Prime Minister Boris Johnson has announced that the controversial HS2 high-speed rail link will be built. The first phase of the route will travel between London and Birmingham, with a second phase going to Manchester and Leeds. In a special Cabinet session, ministers gave immediate full approval to the initial section linking London to Birmingham, which is due to open to services in 2028, providing there are no more delays. However, the six-mile section linking Euston with the line will not open until 2031, meaning trains will terminate at West London’s Old Oak Common for the first three years.
David Lunts, Interim CEO of Old Oak & Park Royal Development Corporation (OPDC) said:
“OPDC welcomes the news that HS2 and the station at Old Oak Common has been given the go ahead. This will unlock major regeneration potential in the area, which OPDC was established to deliver, enabling up to £7.6bn of value each year for the UK economy and tens of thousands of new and affordable homes and jobs for Londoners. We support the Mayor of London’s call on the Government to open Euston station as soon as possible so that the full benefits of the new interchange can be realised.”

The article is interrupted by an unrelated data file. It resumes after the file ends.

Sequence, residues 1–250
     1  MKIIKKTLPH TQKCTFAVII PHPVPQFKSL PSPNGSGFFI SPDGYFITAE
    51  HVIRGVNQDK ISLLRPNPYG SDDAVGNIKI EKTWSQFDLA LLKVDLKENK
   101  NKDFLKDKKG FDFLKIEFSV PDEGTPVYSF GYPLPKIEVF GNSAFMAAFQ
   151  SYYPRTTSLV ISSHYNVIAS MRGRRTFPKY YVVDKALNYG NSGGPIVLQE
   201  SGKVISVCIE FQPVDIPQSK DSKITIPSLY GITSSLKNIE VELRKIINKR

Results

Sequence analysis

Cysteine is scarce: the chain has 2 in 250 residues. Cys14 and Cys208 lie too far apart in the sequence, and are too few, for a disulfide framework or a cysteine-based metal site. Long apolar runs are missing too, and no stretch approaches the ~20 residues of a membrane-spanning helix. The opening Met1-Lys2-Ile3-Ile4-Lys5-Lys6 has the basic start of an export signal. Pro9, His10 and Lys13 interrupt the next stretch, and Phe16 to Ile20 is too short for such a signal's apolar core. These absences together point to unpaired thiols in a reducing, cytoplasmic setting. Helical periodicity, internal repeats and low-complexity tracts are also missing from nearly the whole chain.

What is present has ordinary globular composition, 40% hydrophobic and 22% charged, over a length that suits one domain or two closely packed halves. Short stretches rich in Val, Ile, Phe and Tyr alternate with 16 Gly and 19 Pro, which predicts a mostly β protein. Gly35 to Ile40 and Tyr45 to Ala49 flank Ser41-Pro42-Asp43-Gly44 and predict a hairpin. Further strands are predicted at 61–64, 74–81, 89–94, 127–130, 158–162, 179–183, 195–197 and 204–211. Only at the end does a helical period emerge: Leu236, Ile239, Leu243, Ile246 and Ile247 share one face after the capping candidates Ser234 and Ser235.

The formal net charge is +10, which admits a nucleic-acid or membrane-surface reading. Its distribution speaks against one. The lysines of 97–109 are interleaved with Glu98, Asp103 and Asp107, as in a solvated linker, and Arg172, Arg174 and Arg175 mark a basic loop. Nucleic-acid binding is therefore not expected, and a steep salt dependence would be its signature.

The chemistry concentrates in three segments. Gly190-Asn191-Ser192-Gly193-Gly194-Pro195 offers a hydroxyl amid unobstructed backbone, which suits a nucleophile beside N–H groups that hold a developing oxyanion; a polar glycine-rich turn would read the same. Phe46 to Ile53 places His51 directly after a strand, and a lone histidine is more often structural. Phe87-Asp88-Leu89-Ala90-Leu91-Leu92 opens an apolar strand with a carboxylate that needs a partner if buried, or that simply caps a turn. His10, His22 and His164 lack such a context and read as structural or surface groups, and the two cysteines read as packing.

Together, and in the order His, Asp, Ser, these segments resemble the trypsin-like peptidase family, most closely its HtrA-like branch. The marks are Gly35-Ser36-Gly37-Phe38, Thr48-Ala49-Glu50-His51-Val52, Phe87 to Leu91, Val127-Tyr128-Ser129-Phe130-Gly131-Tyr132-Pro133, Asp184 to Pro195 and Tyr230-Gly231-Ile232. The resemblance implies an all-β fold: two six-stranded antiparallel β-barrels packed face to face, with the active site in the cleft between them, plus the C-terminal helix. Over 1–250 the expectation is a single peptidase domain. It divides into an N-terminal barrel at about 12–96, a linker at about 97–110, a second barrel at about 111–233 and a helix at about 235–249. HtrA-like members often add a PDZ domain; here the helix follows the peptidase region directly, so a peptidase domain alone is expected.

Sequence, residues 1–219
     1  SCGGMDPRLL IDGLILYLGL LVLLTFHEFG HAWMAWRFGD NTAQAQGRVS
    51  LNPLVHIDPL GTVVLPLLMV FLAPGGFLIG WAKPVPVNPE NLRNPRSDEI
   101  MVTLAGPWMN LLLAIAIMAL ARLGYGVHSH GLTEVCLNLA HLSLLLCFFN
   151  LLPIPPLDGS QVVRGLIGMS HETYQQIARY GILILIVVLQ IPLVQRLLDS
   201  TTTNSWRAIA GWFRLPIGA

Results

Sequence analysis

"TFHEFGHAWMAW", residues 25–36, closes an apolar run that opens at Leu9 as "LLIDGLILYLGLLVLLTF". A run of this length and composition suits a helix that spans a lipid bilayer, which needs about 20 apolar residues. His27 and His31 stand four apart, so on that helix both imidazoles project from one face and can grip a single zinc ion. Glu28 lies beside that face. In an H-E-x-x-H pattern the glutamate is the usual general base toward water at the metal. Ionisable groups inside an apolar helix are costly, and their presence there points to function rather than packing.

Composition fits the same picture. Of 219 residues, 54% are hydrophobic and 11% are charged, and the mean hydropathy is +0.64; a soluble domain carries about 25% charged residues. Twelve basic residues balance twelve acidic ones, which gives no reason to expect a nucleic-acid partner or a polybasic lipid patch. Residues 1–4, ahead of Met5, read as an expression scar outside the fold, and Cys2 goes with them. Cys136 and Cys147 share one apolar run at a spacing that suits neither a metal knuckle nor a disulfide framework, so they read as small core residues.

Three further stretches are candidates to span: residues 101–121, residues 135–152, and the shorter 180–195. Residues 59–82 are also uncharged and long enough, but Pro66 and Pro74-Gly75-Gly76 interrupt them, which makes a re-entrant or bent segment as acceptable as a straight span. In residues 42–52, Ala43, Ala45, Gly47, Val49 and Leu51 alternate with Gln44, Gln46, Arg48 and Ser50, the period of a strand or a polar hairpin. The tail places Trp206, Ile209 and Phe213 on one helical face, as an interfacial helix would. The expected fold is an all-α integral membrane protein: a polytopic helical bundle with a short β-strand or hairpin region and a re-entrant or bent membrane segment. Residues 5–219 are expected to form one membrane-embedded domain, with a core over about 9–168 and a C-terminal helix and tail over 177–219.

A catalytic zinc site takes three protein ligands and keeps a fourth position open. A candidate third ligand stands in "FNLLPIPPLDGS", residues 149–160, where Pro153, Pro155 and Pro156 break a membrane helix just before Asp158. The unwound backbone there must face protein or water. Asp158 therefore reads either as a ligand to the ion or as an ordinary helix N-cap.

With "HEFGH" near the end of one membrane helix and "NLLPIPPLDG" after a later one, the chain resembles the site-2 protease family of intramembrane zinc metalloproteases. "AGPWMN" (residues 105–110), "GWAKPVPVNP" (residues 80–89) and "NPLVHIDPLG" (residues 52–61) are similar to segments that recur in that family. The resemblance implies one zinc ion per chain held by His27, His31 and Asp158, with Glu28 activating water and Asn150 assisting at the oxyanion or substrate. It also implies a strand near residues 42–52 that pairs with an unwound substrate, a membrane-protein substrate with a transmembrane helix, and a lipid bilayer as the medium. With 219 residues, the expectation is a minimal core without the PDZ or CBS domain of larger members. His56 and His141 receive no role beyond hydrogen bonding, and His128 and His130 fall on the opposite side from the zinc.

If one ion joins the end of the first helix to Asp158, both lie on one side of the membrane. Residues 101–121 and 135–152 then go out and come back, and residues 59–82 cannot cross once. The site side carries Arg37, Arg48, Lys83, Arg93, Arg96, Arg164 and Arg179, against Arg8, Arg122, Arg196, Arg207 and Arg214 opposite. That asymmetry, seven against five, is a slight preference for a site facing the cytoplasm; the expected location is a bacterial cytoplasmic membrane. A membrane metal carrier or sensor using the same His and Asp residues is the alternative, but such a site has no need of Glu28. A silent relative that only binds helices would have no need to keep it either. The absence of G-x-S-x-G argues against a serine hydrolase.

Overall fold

Andrew Dakers, CEO, West London Business added:
“The backing of HS2 from the new Government is a huge boost for the whole country, but also very exciting news for West London as Old Oak Common will be a critical hub where HS2 meets the Elizabeth line (Crossrail). HS2 will increase capacity on the north-south rail network and we hope will be powered by zero carbon green electricity assisting in the UK’s contribution to tackling climate change. We look forward to working with HS2, the Old Oak & Park Royal Development Corporation (OPDC), the construction supply chain and local authority partners to ensure that the local benefits are maximised.”